Hong Kong economist offers sobering thoughts on corruption in China
Is corruption in China out of control? Many people would say yes. Some would say no. A few, including myself, would say I don't know.
Corruption in China has always been a prime news item but especially so now that the anti-corruption campaign by President Xi Jinping has gone into overdrive.
In his personal blog, University of Science and Technology economist Francis Lui Ting-ming recently offered a fascinating insight.
The professor begins with an observation often repeated on the mainland: The failure to crack down on corruption would lead to the nation's collapse; but to really crack down on corruption would lead to the Communist Party's collapse.
Lui thinks this is vastly exaggerated. After all, Lui implies that many Chinese only know about corruption in their own country and no others, so they have no point of comparison.
Meanwhile, many Western democrats think China is corrupt because it is not Western and is undemocratic. But this is inadequate because corruption exists in Western and/or democratic societies.
The question at the start of this column is the title of a 2012 study by George Mason University economist Carlos Ramirez, which Lui cites in his blog.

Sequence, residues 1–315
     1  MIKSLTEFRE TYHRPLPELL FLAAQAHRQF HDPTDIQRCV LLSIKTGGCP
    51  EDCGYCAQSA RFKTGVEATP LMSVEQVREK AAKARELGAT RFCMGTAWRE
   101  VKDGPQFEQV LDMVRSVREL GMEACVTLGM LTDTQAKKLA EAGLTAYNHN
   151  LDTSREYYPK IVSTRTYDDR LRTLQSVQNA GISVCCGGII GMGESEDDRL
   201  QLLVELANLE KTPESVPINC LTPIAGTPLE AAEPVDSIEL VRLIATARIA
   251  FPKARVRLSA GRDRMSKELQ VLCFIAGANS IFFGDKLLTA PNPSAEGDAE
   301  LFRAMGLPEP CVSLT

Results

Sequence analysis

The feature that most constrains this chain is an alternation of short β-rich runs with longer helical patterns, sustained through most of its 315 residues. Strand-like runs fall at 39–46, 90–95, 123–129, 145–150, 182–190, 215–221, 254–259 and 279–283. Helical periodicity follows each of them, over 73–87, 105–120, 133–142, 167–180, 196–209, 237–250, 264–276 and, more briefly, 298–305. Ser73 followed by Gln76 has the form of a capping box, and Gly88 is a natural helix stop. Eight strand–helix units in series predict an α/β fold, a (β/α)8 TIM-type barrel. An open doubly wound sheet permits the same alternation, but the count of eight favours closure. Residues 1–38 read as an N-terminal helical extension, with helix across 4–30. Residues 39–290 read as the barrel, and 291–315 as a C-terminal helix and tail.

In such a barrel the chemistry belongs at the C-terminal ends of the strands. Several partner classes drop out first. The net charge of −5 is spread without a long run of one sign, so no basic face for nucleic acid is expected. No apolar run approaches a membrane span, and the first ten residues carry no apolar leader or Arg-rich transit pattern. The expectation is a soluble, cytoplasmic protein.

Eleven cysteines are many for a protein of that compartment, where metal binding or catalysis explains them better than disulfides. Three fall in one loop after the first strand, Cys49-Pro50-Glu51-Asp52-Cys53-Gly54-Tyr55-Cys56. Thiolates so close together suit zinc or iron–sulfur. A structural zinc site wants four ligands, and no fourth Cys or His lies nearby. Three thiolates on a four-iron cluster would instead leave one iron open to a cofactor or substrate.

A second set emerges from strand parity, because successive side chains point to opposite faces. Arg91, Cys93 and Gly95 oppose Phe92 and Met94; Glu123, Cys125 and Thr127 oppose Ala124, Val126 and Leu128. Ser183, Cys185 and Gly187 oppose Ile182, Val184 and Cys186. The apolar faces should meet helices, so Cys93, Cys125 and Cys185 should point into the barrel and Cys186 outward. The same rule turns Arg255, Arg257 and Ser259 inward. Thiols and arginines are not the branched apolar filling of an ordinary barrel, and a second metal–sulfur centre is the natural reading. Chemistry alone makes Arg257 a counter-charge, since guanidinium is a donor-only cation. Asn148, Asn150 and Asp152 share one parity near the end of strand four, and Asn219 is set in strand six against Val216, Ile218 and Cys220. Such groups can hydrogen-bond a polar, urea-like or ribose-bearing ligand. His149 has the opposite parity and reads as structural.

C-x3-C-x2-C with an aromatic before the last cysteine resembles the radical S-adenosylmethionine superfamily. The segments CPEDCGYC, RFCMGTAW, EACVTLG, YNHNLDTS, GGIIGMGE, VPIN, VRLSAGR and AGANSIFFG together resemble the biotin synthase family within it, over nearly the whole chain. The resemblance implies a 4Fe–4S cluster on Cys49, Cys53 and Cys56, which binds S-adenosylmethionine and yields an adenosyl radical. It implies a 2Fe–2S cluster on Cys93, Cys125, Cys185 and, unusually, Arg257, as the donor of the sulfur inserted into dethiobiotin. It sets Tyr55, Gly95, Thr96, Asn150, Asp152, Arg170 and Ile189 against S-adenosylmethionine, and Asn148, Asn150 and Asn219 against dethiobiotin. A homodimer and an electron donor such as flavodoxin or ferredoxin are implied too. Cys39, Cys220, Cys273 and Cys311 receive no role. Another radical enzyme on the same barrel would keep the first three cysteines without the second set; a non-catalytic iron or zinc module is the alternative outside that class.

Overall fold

Ramirez compares corruption in China since 1996 with corruption in the US between 1870 and 1930. The reason is that he tries to compare like with like: Real income per capita in late 1990s China and the 1870s US stood at US$2,800 (in 2005 US dollars).
He then uses corruption indices to measure both countries, which indicate corruption in the US in the 1870s was seven to nine times higher than it was in China in 1996. By the time the US reached US$7,500 in 1928 - roughly equivalent to China's real income per capita in 2009 - corruption was similar in both countries.
Ramirez concludes that corruption in China is not high by the historical experience of the US. Both countries follow the "life-cycle" theory of corruption, "rising at the early stages of development, and declining as modernisation [gains pace]". Most economists agree that as China continues down the path of development, corruption will likely decline.